UAB’s AEIVA presents artist Paul Rusconi, with lecture and exhibition of his works from April 1-30 - extended through May 7

“Paul Rusconi: Emanations” is composed of paintings of artists who have transformed their fields, done by hand applying nail polish onto Plexiglas. The shoe has been extended through May 7.
paul rusconi 2Paul Rusconi Self Portrait, 2015, Nail enamel and acrylic on plexiglas, 42 x 32 in., Courtesy of the artist. Photo by: Joshua White/

Artist Paul Rusconi will lecture and his work will be on exhibition from April 1-30 at the University of Alabama at Birmingham. This show has been extended through May 7.

The exhibition, “Paul Rusconi: Emanations,” is composed of paintings of artists who have transformed their fields. Subjects include Ed Ruscha, John Baldessari, Agnes Martin and Chuck Close. It is presented by the UAB College of Arts and SciencesAbroms-Engel Institute for the Visual Arts, and curated by AEIVA Director Lisa Tamiris Becker.

Rusconi’s investigation and interest in the portrait begins with his own photo-based images as well as found or sourced materials. This body of work is a process of hand-applying nail polish onto Plexiglas. His concern with the portrait is not only the conveyance of likeness but also the subtlety of emotion and expression that is found somewhere between the light and shadow of one’s face.

An opening reception for the exhibition is set for 6-8 p.m. Friday, April 1, in AEIVA, 1221 10th Ave. South. The reception is preceded by the artist’s lecture, “Emanations: The Radiation of Language” at 5 p.m., in AEIVA’s Hess Family Lecture Hall.

Rusconi is the juror for the 40th annual Juried Student Annual, which features works by students in the UAB Department of Art and Art History. The selected works for the Juried Student Annual will be on exhibition in an adjacent AEIVA gallery. The UAB Department of Art and Art History and the Friends of the Department of Art and Art History sponsor Rusconi’s lecture.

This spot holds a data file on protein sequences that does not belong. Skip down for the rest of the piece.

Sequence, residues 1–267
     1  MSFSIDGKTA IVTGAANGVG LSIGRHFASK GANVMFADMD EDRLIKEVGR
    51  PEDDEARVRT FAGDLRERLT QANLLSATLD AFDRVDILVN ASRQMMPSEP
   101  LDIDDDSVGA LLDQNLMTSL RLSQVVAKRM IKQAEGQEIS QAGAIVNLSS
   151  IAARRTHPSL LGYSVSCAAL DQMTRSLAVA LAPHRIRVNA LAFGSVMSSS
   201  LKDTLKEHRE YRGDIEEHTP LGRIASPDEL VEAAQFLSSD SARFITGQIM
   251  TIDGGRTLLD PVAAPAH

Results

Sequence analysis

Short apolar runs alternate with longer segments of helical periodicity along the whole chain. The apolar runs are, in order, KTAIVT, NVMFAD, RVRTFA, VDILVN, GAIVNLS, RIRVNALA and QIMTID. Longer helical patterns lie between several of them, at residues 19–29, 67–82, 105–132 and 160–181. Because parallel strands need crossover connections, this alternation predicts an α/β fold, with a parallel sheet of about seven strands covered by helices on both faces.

Closely observing the surface of Rusconi’s portraits, one can see that his works are composed of patterns that recall the Benday dots of Roy Lichtenstein, Tamiris Becker says. Unlike Lichtenstein’s use of the Benday dot, which is uniform in size, Rusconi uses different-sized dots to create the illusion of convex and concave shapes on a two-dimensional surface.

paul rusconi 1Paul Rusconi Untitled (Bill), 2015, Nail enamel and acrylic on Plexiglas, 71 x 96 in. overall (diptych), Collection of the Abroms-Engel Institute for the Visual Arts, UAB Gift of Caroline D. Taylor, Photo by: Joshua White/JWPictures.comWorks by Rusconi are included in many private collections and public art institutions, including the AEIVA, The Frederick R. Weisman Art Foundation, The Jumex Foundation, The Batonga Foundation, The Castilla Foundation, The Carnegie Art Museum and The White House.

The exhibition features a major work, “Untitled (Bill),” recently gifted to AEIVA’s permanent collection. This potent diptych features two subtle, yet powerful, portraits of seminal video artist Bill Viola. Composed of glowing blue and green nail polish dots, the double portraits are tonally reversed and mirror images of each other — ghost-like emanations that seek to capture both the likeness and the soul of this enigmatic artist.

The exhibition “Paul Rusconi: Emanations” is supported in part by AEIVA’s generous members.

For more information, call 205-975-6436 or visit AEIVA is open to the public 10 a.m.-6 p.m. Monday-Friday and 12-6 p.m. Saturday. It is closed Sundays and holidays.

  • April 1